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Sweeping changes to the Law and Electronic Communication to continue Post COVID

By Mitchell Lyon – Trainee Lawyer, Kingston Lawyers

The Victorian parliament has recently enacted the Justice Legislation Amendment (System Enhancements and Other Matters) Act 2021 (Vic) (‘The Act’), in a concerted effort to ensure the industry keeps up with the changing needs of remote work and ease of communication.

Electronic Signatures

What has changed?

Historically, legal documentation required the physical and hand-written signature of the relevant parties. As the pandemic forced the exchange of this documentation online, this requirement became substantially harder to achieve. Accordingly, the recent changes to the law now recognize electronic signatures as having the same legal effect as a hand-written equivalent.

What is an electronic signature?

Although a definition of ‘electronic signature’ is not provided by the recent changes in the law, the term appears to be interpreted quite broadly. An example of an electronic signature might include the full name of a client, as typed into the relevant document using a computer. It might also include a signature that is hand-drawn using a device with an interactive or ‘touch-screen’. Importantly, The Act provides a specific example of communication that would be considered an electronic signature. This example is given as “confirming a person’s agreement by electronically selecting an option indicating agreement or affirmation.”

However, before an ‘electronic signature’ can take legal effect, the signatory must consent to the requirement to sign being met by way of the electronic method chosen.

How might this work in practice?

A simple and typical example of how this might work in practice can be examined in relation to a contractor agreement and a prospective client. In order to obtain the signature of the client (should they wish to provide it), the contractor can e-mail through an interactive and electronic document which enables the client to type in their name as a signature.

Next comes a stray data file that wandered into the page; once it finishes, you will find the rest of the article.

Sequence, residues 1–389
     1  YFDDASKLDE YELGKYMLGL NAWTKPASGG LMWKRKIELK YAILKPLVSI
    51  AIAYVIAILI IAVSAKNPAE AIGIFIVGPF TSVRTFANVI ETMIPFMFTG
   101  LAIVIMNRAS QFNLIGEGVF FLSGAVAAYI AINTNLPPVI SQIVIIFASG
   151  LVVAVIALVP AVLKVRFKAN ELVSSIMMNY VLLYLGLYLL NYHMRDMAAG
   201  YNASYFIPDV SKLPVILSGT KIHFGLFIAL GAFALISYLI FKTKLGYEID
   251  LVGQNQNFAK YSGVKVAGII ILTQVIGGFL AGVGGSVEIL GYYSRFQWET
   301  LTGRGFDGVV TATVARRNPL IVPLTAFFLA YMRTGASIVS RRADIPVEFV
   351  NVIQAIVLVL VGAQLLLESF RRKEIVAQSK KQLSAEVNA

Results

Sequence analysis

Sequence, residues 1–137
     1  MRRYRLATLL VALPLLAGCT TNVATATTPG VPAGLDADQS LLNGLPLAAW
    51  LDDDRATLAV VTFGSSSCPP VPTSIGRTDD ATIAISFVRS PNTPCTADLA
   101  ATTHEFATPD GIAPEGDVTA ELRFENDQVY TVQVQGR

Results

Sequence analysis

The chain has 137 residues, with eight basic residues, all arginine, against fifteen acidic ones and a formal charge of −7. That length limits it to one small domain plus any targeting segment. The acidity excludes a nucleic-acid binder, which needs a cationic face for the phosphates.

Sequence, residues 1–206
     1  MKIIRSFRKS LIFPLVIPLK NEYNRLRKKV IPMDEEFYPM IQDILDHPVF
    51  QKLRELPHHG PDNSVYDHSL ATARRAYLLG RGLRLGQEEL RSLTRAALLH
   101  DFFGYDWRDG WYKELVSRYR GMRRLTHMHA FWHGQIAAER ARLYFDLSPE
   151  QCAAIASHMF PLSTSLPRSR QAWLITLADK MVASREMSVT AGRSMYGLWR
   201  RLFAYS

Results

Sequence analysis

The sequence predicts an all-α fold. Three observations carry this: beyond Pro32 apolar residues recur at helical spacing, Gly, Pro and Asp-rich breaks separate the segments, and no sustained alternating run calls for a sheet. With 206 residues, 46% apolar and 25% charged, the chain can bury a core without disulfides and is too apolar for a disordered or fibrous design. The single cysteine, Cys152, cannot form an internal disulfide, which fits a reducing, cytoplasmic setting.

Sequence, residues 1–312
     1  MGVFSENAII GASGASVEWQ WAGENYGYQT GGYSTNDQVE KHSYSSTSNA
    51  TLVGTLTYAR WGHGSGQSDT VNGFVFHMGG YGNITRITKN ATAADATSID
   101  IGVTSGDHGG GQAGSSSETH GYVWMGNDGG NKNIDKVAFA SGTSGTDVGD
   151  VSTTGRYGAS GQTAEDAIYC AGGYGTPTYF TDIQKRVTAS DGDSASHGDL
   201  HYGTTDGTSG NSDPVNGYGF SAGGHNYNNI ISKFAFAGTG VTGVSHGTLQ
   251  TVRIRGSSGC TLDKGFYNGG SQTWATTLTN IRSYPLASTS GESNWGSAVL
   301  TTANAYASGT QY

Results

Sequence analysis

What has changed?

Prior to the demands of COVID-19 the process of witnessing a signature or identity verification required the physical attendance of the relevant party. To ensure that social distancing can be maintained in the event it is required, this process is now able to occur via ‘audio visual link’.

How might this work in practice?

The following two scenarios are expressly used as examples in the amending act. They are common situations which the law now facilitates.

Firstly, a remote witness may be required to fulfil their duties with respect to witnessing the signing of relevant documentation. In such an instance, a witness would be required to satisfy themselves of the relevant timing and identification requirements through the medium of an audio and visual link.

Alternatively, a witness may be required to connect remotely in order to confirm and verify the identity of another person.

Creation of Legal Documents

What has changed?

Further to utilizing the full capacity of technology in overcoming the challenges of COVID-19, the law has also changed to allow that certain documents may be created, signed, sealed and delivered electronically.

It is important to note that whilst this provides greater flexibility with respect to the method of producing the legal document, it does not in any way affect any other legal requirements or principles that determine the legitimacy of the document.

How might this work in practice?

The change to the law makes specific reference to the creation of deed and mortgage documents. Accordingly, these important documents can now be created electronically.


What has changed?

Another change brought upon by the circumstances of the pandemic, is the ability of the courts to now determine a pre-trial matter based on written submissions alone.

How might this work in practice?

The new change removes the obligation on the court to conduct an oral hearing before deciding a pre-trial matter, but only in the event the court is satisfied that it is in the interests of justice to circumvent this requirement.

Mitchell Lyon is a Trainee Lawyer with Kingston Lawyers

1 Comment

  1. Admin
    May 21, 2021

    nice work Mitchell!